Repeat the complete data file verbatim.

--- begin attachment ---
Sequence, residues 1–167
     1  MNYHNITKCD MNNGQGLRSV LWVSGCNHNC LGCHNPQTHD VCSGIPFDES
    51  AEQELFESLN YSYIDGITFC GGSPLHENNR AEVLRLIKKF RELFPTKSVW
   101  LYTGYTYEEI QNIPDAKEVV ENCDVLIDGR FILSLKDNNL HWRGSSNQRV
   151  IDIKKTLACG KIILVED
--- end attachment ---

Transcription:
Sequence, residues 1–167
     1  MNYHNITKCD MNNGQGLRSV LWVSGCNHNC LGCHNPQTHD VCSGIPFDES
    51  AEQELFESLN YSYIDGITFC GGSPLHENNR AEVLRLIKKF RELFPTKSVW
   101  LYTGYTYEEI QNIPDAKEVV ENCDVLIDGR FILSLKDNNL HWRGSSNQRV
   151  IDIKKTLACG KIILVED